At the point of totality, Jeb said, “I looked over at my mom and husband Mark to barely voice the words “can you believe this?!” Mark tried to respond but was on the verge of tears; my mother's shocked eyes were all the answer she mustered. I choked out a thank-you to my father for bringing us to see this incredible sight - he nodded but was unable to speak. A young girl behind us exclaimed “this is the strangest thing I've ever seen!” as a beautiful punctuation on the peaceful silence of the park. All of us stared in awe at the halo of sunfire writhing around a dark disc in the sky.”

Jeb Stenhouse in Clarkesville, Georgia.  Image by Jeb Stenhouse used with permission.

One of the most interesting effects of a solar eclipse is how nature reacted.

David Cranor watched from a donkey farm in Gallatin, Tennessee. “As the eclipse got closer we heard the crickets and the donkeys laid down under their “sleeping tree.” Totality came and the street lights turned on,” he said. “It was bizarre and awesome (the twins were still focused on driving the tractor Donald Trump-style and barely noticed). Dark, but still light in every direction. We had a great view of the corona and even saw a [coronal mass ejection] coming off of one side. Then it was over and the donkeys got up, the birds started chirping and it got light and hot again.”

I was in Hendersonville, Tennessee, on the path of totality, with several friends from the DC chapter of the Planetary Society. We drove to a park and paid attention to the weather and nature, and viewed the partial eclipse through a solar telescope and our eclipse glasses.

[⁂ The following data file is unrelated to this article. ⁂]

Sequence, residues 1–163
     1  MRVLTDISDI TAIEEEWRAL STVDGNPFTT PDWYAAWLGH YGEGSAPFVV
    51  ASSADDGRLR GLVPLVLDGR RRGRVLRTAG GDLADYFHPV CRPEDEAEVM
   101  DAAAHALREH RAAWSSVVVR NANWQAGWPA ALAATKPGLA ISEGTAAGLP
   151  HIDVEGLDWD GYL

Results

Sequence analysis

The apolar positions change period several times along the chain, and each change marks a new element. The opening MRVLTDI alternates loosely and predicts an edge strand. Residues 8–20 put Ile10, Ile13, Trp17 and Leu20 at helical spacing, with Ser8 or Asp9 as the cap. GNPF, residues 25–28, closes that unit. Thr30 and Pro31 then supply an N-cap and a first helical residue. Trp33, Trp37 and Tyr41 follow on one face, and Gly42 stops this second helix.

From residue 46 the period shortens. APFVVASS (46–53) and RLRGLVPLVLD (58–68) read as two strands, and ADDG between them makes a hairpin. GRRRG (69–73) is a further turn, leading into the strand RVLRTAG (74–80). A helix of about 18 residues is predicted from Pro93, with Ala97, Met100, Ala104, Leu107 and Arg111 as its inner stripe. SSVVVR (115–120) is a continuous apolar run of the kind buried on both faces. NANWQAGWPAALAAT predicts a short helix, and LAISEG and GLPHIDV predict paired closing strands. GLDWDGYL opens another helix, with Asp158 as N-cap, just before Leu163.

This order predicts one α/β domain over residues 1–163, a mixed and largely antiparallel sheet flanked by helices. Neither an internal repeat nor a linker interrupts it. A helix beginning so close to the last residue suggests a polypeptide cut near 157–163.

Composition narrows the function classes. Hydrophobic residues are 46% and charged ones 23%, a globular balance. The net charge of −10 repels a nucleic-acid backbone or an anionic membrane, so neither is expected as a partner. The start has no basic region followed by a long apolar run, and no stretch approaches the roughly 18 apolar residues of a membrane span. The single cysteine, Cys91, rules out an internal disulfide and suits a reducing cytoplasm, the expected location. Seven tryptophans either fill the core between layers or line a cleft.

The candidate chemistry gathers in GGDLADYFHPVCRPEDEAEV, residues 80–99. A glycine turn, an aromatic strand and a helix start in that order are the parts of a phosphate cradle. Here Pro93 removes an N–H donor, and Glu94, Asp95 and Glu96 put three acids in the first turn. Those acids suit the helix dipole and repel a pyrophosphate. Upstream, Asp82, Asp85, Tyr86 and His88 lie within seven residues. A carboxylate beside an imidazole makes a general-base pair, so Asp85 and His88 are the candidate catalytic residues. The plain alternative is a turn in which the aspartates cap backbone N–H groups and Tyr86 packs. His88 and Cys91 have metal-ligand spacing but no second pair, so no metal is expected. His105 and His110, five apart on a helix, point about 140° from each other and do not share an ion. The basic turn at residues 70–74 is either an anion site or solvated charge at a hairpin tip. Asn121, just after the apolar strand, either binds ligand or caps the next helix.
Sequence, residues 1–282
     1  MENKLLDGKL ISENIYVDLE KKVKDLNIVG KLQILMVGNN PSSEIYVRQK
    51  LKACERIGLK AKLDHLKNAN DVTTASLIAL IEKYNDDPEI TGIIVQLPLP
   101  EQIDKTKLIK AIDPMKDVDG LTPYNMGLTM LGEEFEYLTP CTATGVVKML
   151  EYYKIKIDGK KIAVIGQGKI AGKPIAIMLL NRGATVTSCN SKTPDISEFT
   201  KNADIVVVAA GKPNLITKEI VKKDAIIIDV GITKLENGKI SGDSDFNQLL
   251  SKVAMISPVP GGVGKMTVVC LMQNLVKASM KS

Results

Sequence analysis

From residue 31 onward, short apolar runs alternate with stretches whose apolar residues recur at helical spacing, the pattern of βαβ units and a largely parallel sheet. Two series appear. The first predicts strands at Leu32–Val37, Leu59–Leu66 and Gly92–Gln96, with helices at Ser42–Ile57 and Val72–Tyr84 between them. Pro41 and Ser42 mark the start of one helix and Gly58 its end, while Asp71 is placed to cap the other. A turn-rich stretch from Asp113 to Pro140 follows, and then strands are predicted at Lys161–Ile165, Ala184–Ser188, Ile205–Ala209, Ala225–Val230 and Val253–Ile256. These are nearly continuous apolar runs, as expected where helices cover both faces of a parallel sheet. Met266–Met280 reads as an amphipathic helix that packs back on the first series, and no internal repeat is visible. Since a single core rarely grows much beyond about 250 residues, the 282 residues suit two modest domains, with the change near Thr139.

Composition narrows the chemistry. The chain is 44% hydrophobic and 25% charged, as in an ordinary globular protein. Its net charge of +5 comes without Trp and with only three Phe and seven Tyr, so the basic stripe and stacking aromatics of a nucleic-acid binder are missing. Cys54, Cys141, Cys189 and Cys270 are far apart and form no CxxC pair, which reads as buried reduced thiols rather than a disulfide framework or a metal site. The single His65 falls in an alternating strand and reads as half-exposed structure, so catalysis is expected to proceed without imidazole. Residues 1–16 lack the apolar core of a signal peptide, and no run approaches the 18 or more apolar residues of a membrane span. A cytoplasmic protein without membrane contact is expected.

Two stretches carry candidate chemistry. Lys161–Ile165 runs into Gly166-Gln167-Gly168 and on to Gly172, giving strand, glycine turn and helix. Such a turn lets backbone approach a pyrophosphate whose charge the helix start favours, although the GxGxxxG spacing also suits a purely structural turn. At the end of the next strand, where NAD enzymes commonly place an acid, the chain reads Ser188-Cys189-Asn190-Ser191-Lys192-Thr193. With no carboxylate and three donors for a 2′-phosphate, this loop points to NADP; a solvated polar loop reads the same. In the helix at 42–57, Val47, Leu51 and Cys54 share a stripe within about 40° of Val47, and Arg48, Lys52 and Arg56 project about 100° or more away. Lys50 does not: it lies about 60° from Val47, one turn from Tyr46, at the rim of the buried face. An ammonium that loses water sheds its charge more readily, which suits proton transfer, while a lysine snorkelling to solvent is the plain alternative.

As we got closer to totality, we looked at the slivers of sunlight casting shapes through the leaves and listened to the insects getting louder. The fish came to the surface. Even though I knew it was mid-afternoon, my eyes were seeing dusk and it felt surreal. Then, as if a switch flipped, the sky got very dark and still. Baily’s beads appeared, signaling us to remove our glasses.

I looked up, and for about 2 minutes and 31 seconds of totality, I felt like time had stopped. A marching band could have played behind me and I wouldn’t have noticed. The moon created a pitch black circle and the sun behind it took on a silverish glow. For a brief moment in time, it was just me, the sun, and the moon. It was an entirely new and incomparable experience, profound and moving.

Joanne Tang in Hendersonville, Tennessee. Image by Gerrit Dalman used with permission.

If you missed the eclipse entirely, don’t worry. The next one is in 2024, and will be visible from Texas to Montreal. If you can’t wait that long, you can travel for any of the eclipses in between (that won’t be in the United States), watch the 2017 Eclipse Megavideo, a timelapse video of images submitted by volunteers, assembled by Google and UC Berkeley researchers, or look at how the eclipse looked to a weather satellite. There's also a handy guide to fake eclipse photos on the internet and NASA's very real image galleries and news articles.

What did you experience during the solar eclipse?

Joanne Tang is a Northern Virginia native and a graduate student in public administration and policy, focusing on resiliency and emergency response. She lives in Alexandria and enjoys learning about pretty much everything, including the history of pencils.